"Make a file which profiles the space usage of operations performed on it"
        path = self.path + "/" + name
        file = ProfilingFile(path)
        self.files[name] = file
        return file

    def for_each_file(self, f: t.Callable[[File], None]) -> None:
        "Does nothing; this depends on data in the filesystem, so we can't statically profile this"
        pass

    def optimized_dir(self, path: str) -> OptimizedDirectory:
        "Return an optimized directory which performs profiled space allocations all at once"
        return OptimizedDirectory(path, self.files)

@dataclass
class ProfilingFile(File):
    path: str
    size: int = 0

    def append_str(self, data: str) -> None:
        "Record how much file space writing this string would consume"
        self.size += len(data)

    def append_data(self, data: StrData) -> None:
        "Record how much file space writing this data would consume"
        self.append_str(data.content)

    def append_path(self, data: ProfilingFile) -> None:
        "Record how much file space writing this path would consume"
        self.append_str(data.path)

    def close(self) -> None:
        pass

@dataclass
class OptimizedDirectory(IODirectory):
    profiler_results: t.Dict[str, ProfilingFile]

    def create_file(self, name: str) -> IOFile:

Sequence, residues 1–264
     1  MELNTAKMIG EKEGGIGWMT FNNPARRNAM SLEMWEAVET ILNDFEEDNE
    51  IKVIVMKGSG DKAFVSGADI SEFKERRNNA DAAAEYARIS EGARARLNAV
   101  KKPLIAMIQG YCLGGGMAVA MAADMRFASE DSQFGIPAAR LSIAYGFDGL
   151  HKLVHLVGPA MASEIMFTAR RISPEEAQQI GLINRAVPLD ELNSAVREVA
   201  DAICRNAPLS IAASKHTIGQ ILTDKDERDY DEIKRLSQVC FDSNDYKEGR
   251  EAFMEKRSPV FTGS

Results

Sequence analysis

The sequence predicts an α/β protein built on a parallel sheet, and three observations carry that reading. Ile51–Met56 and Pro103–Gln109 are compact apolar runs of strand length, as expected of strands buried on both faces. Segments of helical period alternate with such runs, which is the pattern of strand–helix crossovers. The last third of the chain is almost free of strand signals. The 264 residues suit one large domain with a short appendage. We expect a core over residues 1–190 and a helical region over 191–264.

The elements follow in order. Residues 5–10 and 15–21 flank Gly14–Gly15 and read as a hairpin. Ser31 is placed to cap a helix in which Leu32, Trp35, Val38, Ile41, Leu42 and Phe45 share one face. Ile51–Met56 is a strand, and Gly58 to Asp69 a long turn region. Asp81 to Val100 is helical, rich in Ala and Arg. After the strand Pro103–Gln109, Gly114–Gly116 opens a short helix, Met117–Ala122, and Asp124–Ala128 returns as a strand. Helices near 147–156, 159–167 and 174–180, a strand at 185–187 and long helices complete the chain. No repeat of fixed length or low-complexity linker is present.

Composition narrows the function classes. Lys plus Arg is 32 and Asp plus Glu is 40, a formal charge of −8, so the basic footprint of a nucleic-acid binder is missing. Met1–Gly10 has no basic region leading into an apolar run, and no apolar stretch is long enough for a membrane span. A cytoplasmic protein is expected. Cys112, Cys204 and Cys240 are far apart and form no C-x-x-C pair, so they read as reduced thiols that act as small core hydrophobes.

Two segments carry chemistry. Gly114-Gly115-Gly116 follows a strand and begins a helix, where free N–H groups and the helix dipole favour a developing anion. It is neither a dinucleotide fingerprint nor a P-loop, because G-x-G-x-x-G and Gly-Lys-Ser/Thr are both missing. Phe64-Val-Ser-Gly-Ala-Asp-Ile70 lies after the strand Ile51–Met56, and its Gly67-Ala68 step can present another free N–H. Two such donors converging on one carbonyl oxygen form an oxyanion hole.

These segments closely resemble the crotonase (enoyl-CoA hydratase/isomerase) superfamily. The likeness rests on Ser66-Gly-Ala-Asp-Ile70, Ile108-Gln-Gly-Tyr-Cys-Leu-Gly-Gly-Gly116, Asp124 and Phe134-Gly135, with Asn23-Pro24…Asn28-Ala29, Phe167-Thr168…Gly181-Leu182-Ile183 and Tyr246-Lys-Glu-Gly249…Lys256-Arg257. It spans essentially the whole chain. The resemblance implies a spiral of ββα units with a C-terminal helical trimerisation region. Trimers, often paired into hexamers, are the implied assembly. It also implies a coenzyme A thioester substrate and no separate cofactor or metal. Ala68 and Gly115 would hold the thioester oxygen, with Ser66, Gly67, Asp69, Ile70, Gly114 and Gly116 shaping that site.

"Create this file, allocating space in it based on data from profiling"
        profiler_result = self.profiler_results.get(name)
        if profiler_result:
            return super().create_file(name, size=profiler_result.size)
        else:
            return super().create_file(name)

We can use this profiler implementation to profile our program once, and then run it many times.

def optimized_main():
    arg1 = StrData("somearg")
    arg2 = StrData("otherarg")
    profile_dir = ProfilingDirectory("somedir", {})
    prog(profile_dir, arg1, arg2)
    prog(profile_dir.optimized_dir("adir"), arg1, arg2)
    prog(profile_dir.optimized_dir("bdir"), arg1, arg2)

2.6 Linear type inference and checking

This implementation infers linear types for expressions and functions in our program, and checks their consistency. Specifically, we statically track the open/closed state of files to ensure that files cannot be used after they are closed.

Note that the inferred linear types are not actually made explicit as data in the type-checker; they are left implicit. This allows a very simple typechecker implementation.

@dataclass
class TypecheckingDirectory(Directory):
    def create_file(self, name: str) -> TypecheckingFile:
        "Make a file which profiles the space usage of operations performed on it"
        return TypecheckingFile(open=True)

    def for_each_file(self, f: t.Callable[[File], None]) -> None:
        # run f to type check it against the input typestate...
        try:
            f(TypecheckingFile(open=True))
        except AssertionError:
            e.args = ("function passed to for_each_file uses closed file on the first run",)
            raise
        # ...and then run f again to check it against its own output typestate.
        try:
            f(TypecheckingFile(open=True))
        except AssertionError as e:
            e.args = ("function passed to for_each_file uses closed files on second and future runs",)